Snake is the common name for a video game concept where the player maneuvers a line which grows in length, with the line itself being a primary obstacle. The concept originated in the 1976 arcade game Blockade, and the ease of implementing Snake has led to hundreds of versions (some of which have the word snake or worm in the title) for many platforms. After a variant was preloaded on Nokia mobile phones in 1998, there was a resurgence of interest in the snake concept as it found a larger audience. There are over 300 Snake-like games for iOS alone.
The player controls a dot, square, or object on a bordered plane. As it moves forward, it leaves a trail behind, resembling a moving snake. In some games, the end of the trail is in a fixed position, so the snake continually gets longer as it moves. In another common scheme, the snake has a specific length, so there is a moving tail a fixed number of units away from the head. The player loses when the snake runs into the screen border, a trail or other obstacle, or itself.
The Snake concept comes in two major variants:
The Snake design dates back to the arcade game Blockade, developed and published by Gremlin in 1976. It was cloned as Bigfoot Bonkers the same year. In 1977, Atari released two Blockade-inspired titles: the arcade game Dominos and Atari VCS game Surround.Surround was one of the nine Atari VCS (later the Atari 2600) launch titles in the United States and was also sold by Sears under the name Chase. That same year, a similar game was launched for the Bally Astrocade as Checkmate.
The first known personal computer version, titled Worm, was programmed in 1978 by Peter Trefonas of the US on the TRS-80, and published by CLOAD magazine in the same year. This was followed shortly afterwards with versions from the same author for the Commodore PET and Apple II. A microcomputer clone of the Hustle arcade game, itself a clone of Blockade, was written by Peter Trefonas in 1979 and published by CLOAD. An authorized version of Hustle was published by Milton Bradley for the TI-99/4A in 1980. In 1982's Snake for the BBC Micro, by Dave Bresnen, the snake is controlled using the left and right arrow keys relative to the direction it is heading in. The snake increases in speed as it gets longer, and there's only one life; one mistake means starting from the beginning.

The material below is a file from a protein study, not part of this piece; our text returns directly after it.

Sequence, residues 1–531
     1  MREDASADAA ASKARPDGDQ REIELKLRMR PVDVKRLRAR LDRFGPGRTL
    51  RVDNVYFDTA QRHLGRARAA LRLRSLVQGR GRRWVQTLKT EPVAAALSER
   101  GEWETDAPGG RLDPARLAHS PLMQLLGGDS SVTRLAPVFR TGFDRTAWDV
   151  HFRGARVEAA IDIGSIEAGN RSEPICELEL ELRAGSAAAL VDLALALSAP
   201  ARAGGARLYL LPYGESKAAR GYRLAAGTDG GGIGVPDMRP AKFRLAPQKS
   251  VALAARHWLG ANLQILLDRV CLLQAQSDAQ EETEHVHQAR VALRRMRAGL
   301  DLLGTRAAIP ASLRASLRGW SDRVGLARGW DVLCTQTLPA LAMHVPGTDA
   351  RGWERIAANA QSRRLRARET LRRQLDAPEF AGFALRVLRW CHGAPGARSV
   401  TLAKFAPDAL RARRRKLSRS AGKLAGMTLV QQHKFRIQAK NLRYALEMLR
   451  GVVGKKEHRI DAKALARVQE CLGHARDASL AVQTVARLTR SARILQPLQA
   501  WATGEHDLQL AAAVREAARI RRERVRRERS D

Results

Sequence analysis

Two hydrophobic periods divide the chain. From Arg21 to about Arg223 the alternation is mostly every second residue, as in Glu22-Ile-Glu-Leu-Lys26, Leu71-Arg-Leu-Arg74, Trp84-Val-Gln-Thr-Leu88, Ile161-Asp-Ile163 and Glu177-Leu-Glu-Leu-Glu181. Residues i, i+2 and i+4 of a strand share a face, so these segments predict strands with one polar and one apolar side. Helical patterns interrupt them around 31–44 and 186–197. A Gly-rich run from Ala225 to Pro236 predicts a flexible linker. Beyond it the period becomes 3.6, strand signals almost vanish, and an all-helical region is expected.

Nibbler (1982) is a single-player arcade game where the snake fits tightly into a maze, and the gameplay is faster than most snake designs. Another single-player version is part of the 1982 Tron arcade game, themed with light cycles. It reinvigorated the snake concept, and many subsequent games borrowed the light cycle theme.
Starting in 1991, Nibbles was included with MS-DOS for a period of time as a QBasic sample program. In 1992 Rattler Race was released as part of the second Microsoft Entertainment Pack. It adds enemy snakes to the familiar apple-eating gameplay.
Slither.io (2016) is a massively multiplayer version of Snake.
Nokia is known for putting Snake on the majority of their phones. Versions include:
In 1996 Next Generation ranked it number 41 on their "Top 100 Games of All Time", citing the need for both quick reactions and forethought. Due to the game's numerous incarnations, in lieu of a title they listed it as "Snake game" in quotes.
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